Bermuda Was A “Life Raft” For Skinks

December 28, 2010

skinkwikiBermuda served as an evolutionary “life raft” for the island’s unique species of skink when it became extinct in North America millions of years ago, researchers say.

The Bermuda skink — or rock lizard — thrived here after specimens were carried to the island from the North American continent, presumably by storms or sea currents.

“Although we can only speculate how these colonising individuals dispersed over water, we note that both hurricanes and ocean currents are known to transport living lizards and debris to and from islands, and that the powerful Gulf Stream ocean current runs along eastern North America to the mid-Atlantic Ocean,” according to a recently published research paper.

In a process scientists call paleoendemism, the formerly widespread species  became restricted to Bermuda. Shy and increasingly scarce in the wild, Bermudian documentary filmmaker Lucinda Spurling obtained some footage of the elusive skink for the BBC’s Natural History Unit.

But in a tragic irony, Bermuda’s only endemic lizard is now facing extinction here. Included on  the International Union for Conservation of Nature’s Red List as “critically endangered” and  protected under the 2003 Bermuda Protected Species Act, the Bermuda skink is now among the rarest species of lizards in the world through loss of natural habitat, predation from rats, cats and kiskadees and entrapment in litter like discarded bottles.

The Bermuda Aquarium Museum & Zoo (BAMZ) launched a Bermuda Skink Project in 2001 to study the lizard and attempt to replenish its dwindling numbers.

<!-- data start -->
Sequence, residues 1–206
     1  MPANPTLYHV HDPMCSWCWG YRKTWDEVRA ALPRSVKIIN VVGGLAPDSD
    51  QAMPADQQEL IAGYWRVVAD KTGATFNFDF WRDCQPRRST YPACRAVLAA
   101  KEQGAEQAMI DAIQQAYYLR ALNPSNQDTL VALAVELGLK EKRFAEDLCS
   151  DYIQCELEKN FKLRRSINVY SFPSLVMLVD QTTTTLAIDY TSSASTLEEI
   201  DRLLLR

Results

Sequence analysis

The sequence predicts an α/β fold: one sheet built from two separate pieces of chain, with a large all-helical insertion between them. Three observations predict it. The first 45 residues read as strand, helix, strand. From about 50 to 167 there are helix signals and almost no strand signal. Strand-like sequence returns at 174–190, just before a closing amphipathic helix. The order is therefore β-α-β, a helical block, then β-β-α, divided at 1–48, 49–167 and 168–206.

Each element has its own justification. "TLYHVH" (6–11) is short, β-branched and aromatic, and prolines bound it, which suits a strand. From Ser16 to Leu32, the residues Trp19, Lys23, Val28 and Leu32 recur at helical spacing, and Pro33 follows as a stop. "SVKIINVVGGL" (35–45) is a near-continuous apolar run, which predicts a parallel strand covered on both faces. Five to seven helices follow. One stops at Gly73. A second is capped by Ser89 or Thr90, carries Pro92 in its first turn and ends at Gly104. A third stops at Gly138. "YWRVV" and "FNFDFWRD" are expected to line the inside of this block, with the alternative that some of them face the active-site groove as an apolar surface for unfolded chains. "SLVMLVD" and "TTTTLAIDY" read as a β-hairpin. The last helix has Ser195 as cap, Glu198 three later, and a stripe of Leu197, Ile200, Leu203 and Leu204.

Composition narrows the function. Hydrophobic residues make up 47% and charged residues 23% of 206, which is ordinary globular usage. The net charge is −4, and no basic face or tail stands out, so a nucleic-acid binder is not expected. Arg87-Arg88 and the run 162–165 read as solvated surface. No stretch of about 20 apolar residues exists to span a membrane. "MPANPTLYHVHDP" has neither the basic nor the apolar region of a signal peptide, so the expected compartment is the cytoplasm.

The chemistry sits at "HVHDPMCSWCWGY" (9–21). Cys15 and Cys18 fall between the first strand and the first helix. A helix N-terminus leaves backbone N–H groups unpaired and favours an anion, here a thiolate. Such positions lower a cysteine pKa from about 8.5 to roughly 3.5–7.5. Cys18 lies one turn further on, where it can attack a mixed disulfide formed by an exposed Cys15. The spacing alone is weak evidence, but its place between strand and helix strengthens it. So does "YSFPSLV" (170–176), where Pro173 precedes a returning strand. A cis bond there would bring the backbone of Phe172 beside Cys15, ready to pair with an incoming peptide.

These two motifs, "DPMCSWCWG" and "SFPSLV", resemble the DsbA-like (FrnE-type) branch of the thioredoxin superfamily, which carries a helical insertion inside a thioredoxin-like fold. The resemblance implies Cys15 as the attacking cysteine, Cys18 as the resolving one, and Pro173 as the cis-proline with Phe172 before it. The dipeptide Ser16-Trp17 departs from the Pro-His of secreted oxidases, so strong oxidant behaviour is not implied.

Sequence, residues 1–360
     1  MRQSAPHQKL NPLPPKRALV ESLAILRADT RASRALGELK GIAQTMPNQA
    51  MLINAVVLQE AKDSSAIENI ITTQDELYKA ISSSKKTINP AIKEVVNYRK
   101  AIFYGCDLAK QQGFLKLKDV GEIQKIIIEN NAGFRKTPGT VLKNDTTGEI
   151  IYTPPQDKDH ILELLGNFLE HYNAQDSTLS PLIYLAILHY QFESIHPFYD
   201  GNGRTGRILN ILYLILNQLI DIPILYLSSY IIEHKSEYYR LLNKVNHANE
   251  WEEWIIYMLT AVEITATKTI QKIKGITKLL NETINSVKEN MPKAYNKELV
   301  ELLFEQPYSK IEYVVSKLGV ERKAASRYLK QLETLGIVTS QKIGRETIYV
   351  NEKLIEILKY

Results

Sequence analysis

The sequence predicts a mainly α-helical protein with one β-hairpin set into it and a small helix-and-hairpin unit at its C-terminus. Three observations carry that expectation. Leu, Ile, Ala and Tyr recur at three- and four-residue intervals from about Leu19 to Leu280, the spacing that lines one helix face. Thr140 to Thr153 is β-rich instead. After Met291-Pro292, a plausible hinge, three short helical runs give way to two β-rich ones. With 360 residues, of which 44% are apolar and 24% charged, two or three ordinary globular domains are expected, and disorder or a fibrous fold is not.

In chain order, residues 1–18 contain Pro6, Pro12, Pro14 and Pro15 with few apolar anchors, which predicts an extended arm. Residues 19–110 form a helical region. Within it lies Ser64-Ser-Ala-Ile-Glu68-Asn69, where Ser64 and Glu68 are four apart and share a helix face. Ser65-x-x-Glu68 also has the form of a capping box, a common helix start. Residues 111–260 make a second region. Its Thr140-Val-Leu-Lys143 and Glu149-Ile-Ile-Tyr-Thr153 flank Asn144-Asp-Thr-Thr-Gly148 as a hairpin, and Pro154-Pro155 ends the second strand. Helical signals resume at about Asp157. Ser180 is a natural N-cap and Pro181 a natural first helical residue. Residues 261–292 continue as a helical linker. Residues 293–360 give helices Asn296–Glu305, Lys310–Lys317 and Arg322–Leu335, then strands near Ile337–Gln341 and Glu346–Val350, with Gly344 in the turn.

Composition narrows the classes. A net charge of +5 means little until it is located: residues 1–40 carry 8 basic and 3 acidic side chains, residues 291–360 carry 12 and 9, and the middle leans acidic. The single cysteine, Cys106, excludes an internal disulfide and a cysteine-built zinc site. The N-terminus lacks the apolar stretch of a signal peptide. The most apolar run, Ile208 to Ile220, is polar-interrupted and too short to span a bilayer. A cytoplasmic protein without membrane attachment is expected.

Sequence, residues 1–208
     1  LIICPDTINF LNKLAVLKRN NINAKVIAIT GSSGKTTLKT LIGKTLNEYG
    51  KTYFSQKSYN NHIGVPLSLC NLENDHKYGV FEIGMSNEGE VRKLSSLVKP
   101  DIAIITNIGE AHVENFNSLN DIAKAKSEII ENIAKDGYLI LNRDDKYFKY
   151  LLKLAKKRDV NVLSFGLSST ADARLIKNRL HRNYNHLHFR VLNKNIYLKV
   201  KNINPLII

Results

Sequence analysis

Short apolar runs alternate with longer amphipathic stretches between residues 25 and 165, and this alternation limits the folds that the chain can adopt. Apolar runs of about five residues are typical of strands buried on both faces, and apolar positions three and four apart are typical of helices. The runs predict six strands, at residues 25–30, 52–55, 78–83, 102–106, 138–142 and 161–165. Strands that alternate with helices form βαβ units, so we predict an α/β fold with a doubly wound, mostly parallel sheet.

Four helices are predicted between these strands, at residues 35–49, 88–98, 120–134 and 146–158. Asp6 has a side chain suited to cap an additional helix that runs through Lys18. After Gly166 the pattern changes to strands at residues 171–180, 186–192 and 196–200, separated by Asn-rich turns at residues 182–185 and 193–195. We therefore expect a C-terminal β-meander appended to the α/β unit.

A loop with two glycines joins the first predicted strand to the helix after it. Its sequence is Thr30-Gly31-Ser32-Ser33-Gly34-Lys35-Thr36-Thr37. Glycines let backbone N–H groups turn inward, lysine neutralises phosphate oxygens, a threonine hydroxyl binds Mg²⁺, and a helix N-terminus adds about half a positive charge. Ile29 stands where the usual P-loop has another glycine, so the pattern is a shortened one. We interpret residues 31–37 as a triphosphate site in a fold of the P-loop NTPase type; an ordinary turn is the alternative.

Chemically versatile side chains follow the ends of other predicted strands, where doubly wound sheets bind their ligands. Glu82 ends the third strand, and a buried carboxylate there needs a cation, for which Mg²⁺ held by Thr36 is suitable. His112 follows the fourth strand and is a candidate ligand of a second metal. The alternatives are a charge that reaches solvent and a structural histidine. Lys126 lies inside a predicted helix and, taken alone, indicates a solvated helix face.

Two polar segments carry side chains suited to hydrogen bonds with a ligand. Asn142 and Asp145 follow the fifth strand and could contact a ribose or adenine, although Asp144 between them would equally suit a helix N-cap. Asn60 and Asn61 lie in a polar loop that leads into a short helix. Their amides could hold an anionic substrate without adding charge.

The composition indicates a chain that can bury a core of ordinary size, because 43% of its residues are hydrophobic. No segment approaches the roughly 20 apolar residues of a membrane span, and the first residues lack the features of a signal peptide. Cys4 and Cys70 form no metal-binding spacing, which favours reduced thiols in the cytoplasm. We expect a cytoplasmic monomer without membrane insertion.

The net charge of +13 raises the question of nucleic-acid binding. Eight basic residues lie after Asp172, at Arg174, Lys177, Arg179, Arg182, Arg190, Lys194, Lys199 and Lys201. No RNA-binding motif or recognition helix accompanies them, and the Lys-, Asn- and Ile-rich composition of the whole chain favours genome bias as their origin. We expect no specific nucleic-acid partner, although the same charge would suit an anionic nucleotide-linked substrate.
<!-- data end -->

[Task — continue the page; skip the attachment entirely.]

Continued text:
“The project has focussed mainly on mapping the species’ distribution on the mainland, monitoring their seasonal activity, determining their diet, studying their reproductive biology and behaviour, and assessing the degree of genetic differences between isolated populations,” says the BAMZ. “This research is fundamental to conservation planning and management along with any captive breeding and reintroduction programmes that may take place at BAMZ in the future. Hopefully, new areas of skink habitat will be protected, which will not only serve to protect skinks but also many other native and endemic species.

“There are only a few places in Bermuda where skink populations are known to exist. The largest known populations are located at Spittal Pond and some of the Castle Harbour islands. However, skinks have also been discovered in Tucker’s Town, Smith’s Parish on North Shore, Horseshoe Bay, Astwood Park, and Hog Bay Park. There are other public sightings that have yet to be verified and we hear of individual skinks showing up in surprising areas all the time. Usually they are found in rocky coastal areas but you might find one in your garden if you’re lucky and a cat, rat or kiskadee hasn’t got to it first!”

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Category: All, Environment

Comments (2)

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  1. Graeme Outerbridge says:

    It would be nice for BAMZ to get off their ass and do something more concrete then just mapping where the skinks are!!! There is also a colony at Daniel’s Head but I doubt if Government will care about that either re the long term lease…I mean sell out^^

  2. Ray says:

    They need to find out where the skinks are and what type of habitat they thrive in so they have a better chance at studying them and protecting the areas that they can live in.